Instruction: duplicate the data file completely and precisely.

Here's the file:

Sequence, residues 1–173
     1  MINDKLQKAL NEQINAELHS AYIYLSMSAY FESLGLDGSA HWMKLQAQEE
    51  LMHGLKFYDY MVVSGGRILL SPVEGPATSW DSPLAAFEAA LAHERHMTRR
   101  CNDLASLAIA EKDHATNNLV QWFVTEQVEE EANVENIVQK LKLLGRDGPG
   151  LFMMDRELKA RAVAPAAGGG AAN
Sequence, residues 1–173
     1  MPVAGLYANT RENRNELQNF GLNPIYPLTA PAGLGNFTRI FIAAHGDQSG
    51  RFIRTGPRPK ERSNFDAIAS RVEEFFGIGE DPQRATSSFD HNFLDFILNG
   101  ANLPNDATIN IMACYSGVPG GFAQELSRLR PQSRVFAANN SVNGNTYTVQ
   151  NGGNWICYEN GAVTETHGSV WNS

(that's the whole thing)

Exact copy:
Sequence, residues 1–173
     1  MINDKLQKAL NEQINAELHS AYIYLSMSAY FESLGLDGSA HWMKLQAQEE
    51  LMHGLKFYDY MVVSGGRILL SPVEGPATSW DSPLAAFEAA LAHERHMTRR
   101  CNDLASLAIA EKDHATNNLV QWFVTEQVEE EANVENIVQK LKLLGRDGPG
   151  LFMMDRELKA RAVAPAAGGG AAN
Sequence, residues 1–173
     1  MPVAGLYANT RENRNELQNF GLNPIYPLTA PAGLGNFTRI FIAAHGDQSG
    51  RFIRTGPRPK ERSNFDAIAS RVEEFFGIGE DPQRATSSFD HNFLDFILNG
   101  ANLPNDATIN IMACYSGVPG GFAQELSRLR PQSRVFAANN SVNGNTYTVQ
   151  NGGNWICYEN GAVTETHGSV WNS